7 Pass Secure Erase - good enough to return hard drive?

netnothing

macrumors 68040
Original poster
Mar 13, 2007
3,674
305
NH
So I may have one of the Seagate hard drives that are failing badly. Haven't heard back from Seagate to see if my drive and firmware is bad, but since I just bought the drive, I'm thinking of returning it.

I'm in the middle of a 7 Pass Secure erase on it (1TB).

Do people feel comfortable returning a drive after doing that erase? Or should I just forget about it and destroy the drive and chalk it up to a loss?

-Kevin
 

Jack Flash

macrumors 65816
May 8, 2007
1,160
7
You have to ask yourself... what data are you so worried about being uncovered?

7 passes of zero's is the DOD standard. You're fine with that.
 

emt1

macrumors 65816
Jan 30, 2008
1,384
20
Wisconsin
One pass would've been enough. To recover data after a one-pass wipe the person would have to perform the data recovery in a clean room and would have to physically dismantle the hard drive.
 

dvdhsu

macrumors 6502a
Mar 28, 2008
964
0
Palo Alto, CA
7 Pass is definitely enough. The only reason I would 7-pass it would be if I had illegal things on my HD, and I was knew that somebody was trying to get my information.
It that is your case, then by all means go ahead and zero it out.
Otherwise, it is good to go.:)
 

Jethryn Freyman

macrumors 68020
Aug 9, 2007
2,329
2
Australia
Data can be recovered if the disk has been "zeroed", this is done by examination with special electromagnetic equipment to determine what the previous binary state of the magnetic tracks were. So a really determined person could get at your data - but I don't see the guy at your local electronics store splashing hundreds (thousands?) of dollars on the equipment.

Of course, you may as well do the 7 pass erase just for fun. I really need to keep my data secure, and it's what i do.
 

Matek

macrumors 6502a
Jun 6, 2007
535
1
Well, what kind of security issues are we talking about here? If you own a company that deals with touchy information and you're afraid your competition might get the drive from your hardware supplier, which could hurt you a great deal (financially), destroy the drive yourself. But I'm pretty sure you would be aware of that fact if you were in the described position.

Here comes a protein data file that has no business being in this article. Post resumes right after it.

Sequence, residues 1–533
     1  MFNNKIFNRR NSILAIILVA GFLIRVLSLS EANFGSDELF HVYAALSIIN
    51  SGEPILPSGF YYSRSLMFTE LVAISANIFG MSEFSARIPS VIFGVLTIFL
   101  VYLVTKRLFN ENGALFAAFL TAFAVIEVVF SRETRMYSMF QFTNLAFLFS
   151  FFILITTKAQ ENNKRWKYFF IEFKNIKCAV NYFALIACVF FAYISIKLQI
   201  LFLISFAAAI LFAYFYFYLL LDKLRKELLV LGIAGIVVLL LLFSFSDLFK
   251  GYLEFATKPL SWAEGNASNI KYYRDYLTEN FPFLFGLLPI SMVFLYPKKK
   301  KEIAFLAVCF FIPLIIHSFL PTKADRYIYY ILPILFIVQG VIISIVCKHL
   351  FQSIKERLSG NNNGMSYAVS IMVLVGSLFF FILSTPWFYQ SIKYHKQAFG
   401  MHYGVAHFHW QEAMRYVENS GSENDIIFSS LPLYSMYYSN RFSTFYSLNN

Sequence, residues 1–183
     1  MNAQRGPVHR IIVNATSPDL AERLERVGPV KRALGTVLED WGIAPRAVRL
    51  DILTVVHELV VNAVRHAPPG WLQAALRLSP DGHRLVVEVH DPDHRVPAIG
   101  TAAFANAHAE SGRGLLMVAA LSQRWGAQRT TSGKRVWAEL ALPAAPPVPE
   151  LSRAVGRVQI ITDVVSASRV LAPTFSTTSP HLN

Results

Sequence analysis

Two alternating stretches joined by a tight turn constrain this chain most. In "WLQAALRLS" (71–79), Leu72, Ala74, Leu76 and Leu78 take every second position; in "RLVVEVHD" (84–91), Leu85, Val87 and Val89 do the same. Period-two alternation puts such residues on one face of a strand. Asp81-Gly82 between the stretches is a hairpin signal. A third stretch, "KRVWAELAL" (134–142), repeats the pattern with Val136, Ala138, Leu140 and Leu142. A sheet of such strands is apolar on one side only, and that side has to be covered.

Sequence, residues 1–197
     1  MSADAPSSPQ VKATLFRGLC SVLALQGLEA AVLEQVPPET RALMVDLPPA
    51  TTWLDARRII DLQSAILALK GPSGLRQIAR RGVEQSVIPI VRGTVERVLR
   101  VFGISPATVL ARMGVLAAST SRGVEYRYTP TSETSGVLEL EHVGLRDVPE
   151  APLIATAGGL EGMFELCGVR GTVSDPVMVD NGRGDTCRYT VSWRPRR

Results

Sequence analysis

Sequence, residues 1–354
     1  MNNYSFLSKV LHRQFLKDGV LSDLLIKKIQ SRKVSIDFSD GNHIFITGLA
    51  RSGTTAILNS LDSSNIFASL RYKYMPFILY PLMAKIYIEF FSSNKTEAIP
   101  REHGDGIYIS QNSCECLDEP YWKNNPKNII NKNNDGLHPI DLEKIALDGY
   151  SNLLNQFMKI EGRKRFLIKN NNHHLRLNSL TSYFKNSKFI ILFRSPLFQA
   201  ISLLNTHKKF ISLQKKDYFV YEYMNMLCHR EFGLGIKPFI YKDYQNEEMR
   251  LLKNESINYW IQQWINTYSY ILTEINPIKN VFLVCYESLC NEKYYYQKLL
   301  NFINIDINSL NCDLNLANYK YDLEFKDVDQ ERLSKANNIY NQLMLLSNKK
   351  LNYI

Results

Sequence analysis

If you simply want to make sure someone doesn't get a hold of your online banking certificate and some raunchy pictures of your girlfriend, a 7 pass secure erase is more than enough. There is no absolutely no way a prankster at the local computer shop can find anything with data recovery software on your drive after this procedure and as other people mentioned - the odds of him paying loads of money for professional data recovery are extremely low.
 

2ndPath

macrumors 6502
Feb 21, 2006
355
0
I just read about an article related to this topic. I didn't read the article myself, but only about it:

The article:
http://www.springerlink.com/content/408263ql11460147/
The article about it (only in German):
http://www.heise.de/newsticker/Sicheres-Loeschen-Einmal-ueberschreiben-genuegt--/meldung/121855

Apparently they tried to reconstruct data after a one pass overwrite using some very low level methods (magnetic mircoscope). Their conclusion is that for practical purposes it is not possible to reconstruct complex data.

Also the wikipedia article on data recovery states that the possibility to reconstruct overwritten data has been suggested in 1996, however, even until today no one proved to be able to do so.

http://en.wikipedia.org/wiki/Data_recovery

If this information is right, you should be perfectly fine with your 7 pass overwrite.
 

netnothing

macrumors 68040
Original poster
Mar 13, 2007
3,674
305
NH
Thanks for the replies everyone.

No, nothing illegal on the drive. :p

It was being used as a secondary backup to my Time Machine drive. So I had manually copied over everything in my home folder (all Mail, documents, etc), as well as a backup of the drive that holds all client work (this is my business computer).

@mcavjame - it's a 1TB drive, and Disk Utility has estimated 16 hours. I still have 4 hours to go.

Basically, I just don't want either the Best Buy Geek Squad trying to look at the drive because they are bored on their lunch break :p or that they sell the drive again as a return and some geek gets it knowing that it's been returned and wants to poke around.

Thanks everyone for the info.

-Kevin
 

Riemann Zeta

macrumors 6502a
Feb 12, 2008
661
0